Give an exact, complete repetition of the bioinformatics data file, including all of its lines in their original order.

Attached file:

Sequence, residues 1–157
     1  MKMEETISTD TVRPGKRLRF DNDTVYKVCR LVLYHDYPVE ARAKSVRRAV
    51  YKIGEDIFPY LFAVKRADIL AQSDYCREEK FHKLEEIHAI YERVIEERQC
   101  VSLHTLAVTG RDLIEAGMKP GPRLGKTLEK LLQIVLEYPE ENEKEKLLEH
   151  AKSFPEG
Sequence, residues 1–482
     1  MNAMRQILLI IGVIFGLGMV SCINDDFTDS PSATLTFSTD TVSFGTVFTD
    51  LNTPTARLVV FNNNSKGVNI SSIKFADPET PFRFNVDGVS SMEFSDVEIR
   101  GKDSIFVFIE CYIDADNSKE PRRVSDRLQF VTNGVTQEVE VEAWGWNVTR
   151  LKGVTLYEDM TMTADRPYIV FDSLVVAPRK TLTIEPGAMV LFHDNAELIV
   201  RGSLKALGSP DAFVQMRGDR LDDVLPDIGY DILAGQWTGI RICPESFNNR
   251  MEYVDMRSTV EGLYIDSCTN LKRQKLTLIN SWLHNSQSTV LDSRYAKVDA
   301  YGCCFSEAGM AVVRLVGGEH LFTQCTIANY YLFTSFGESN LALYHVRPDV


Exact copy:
Sequence, residues 1–157
     1  MKMEETISTD TVRPGKRLRF DNDTVYKVCR LVLYHDYPVE ARAKSVRRAV
    51  YKIGEDIFPY LFAVKRADIL AQSDYCREEK FHKLEEIHAI YERVIEERQC
   101  VSLHTLAVTG RDLIEAGMKP GPRLGKTLEK LLQIVLEYPE ENEKEKLLEH
   151  AKSFPEG
Sequence, residues 1–482
     1  MNAMRQILLI IGVIFGLGMV SCINDDFTDS PSATLTFSTD TVSFGTVFTD
    51  LNTPTARLVV FNNNSKGVNI SSIKFADPET PFRFNVDGVS SMEFSDVEIR
   101  GKDSIFVFIE CYIDADNSKE PRRVSDRLQF VTNGVTQEVE VEAWGWNVTR
   151  LKGVTLYEDM TMTADRPYIV FDSLVVAPRK TLTIEPGAMV LFHDNAELIV
   201  RGSLKALGSP DAFVQMRGDR LDDVLPDIGY DILAGQWTGI RICPESFNNR
   251  MEYVDMRSTV EGLYIDSCTN LKRQKLTLIN SWLHNSQSTV LDSRYAKVDA
   301  YGCCFSEAGM AVVRLVGGEH LFTQCTIANY YLFTSFGESN LALYHVRPDV